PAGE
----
A busing error last weekend has members of the Brick Dragons marching band feeling slighted, but school officials say measures have been put in place to make sure it won’t happen again.
A week after a controversy over a noise complaint against the Brick Memorial High School marching band ended with the township suspending its noise ordinance for the Mustangs, the Dragons were disheartened by a busing error that made them late to the cross-town football game between the two high schools last Saturday.
“We engage with the school, and I think it’s important to the school that we’re there,” Mary Ellen Guida, a BTHS senior and Drum Major for the band this year, told members of the Board of Education on Thursday night.
Guida and her mother, Laura, came to the meeting with about 15 other band parents who were upset that there wasn’t a bus to transport the Dragons marching band into Mustangs territory in time for the rival game last weekend. A mishap with the bus schedules led to the team being late to the game and missing out on the chance to play before the game began.
“It’s really all about respect,” Guida said.
In such cross-town games, under New Jersey Interscholastic Athletic Association rules, the visiting team is barred from performing on the field once the game begins, even though the two teams are from the same town. So traditionally, the visiting team’s band has always performed before the game began. This year, the Dragons band had yet to arrive at Brick Memorial in time for kickoff, so the band was relegated to playing from the stands once they arrived on multiple buses that went back to Brick Township High School to pick them up.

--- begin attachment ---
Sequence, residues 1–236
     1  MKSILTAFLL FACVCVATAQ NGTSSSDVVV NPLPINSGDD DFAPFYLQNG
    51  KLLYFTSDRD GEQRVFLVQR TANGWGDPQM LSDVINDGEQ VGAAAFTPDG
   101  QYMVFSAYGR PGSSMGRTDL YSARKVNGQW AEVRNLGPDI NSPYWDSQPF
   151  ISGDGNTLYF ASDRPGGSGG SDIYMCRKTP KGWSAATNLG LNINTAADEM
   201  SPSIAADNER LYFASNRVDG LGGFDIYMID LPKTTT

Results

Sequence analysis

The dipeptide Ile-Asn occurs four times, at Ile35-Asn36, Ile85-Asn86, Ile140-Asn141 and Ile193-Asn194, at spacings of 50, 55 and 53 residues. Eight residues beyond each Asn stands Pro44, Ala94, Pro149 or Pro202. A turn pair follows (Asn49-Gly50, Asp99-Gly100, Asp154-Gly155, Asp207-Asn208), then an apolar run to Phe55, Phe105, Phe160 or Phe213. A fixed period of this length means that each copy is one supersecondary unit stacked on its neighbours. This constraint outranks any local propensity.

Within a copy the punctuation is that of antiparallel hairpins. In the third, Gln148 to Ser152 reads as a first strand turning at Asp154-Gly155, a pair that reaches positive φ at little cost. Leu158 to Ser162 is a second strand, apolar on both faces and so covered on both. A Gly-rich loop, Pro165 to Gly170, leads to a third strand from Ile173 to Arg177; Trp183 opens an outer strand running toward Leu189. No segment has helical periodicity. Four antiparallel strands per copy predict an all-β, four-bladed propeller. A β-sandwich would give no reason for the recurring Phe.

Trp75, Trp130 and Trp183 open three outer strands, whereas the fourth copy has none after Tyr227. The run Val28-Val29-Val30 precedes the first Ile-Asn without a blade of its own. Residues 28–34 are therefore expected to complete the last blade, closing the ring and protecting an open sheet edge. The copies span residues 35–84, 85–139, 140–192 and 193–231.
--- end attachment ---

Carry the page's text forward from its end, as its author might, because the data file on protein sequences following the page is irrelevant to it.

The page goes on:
Superintendent Dr. Walter Uszenski said the mishap stemmed from a miscommunication between school officials and the transportation office, but since last weekend, a “failsafe” has been put in place to make sure such an error does not occur again.
“We’re going to make sure that you’re acknowledged,” Uszenski said after Guida addressed the board. Uszenski said he will be among those school officials who will be at the Mustangs’ marching band competition this Saturday, cheering them on.
Guida said, most of all, the band simply wanted to be able to represent their school.
“It’s about the program I love and we love so much, and something we put our heart and soul into,” she said. “The band works hard to promote school spirit.”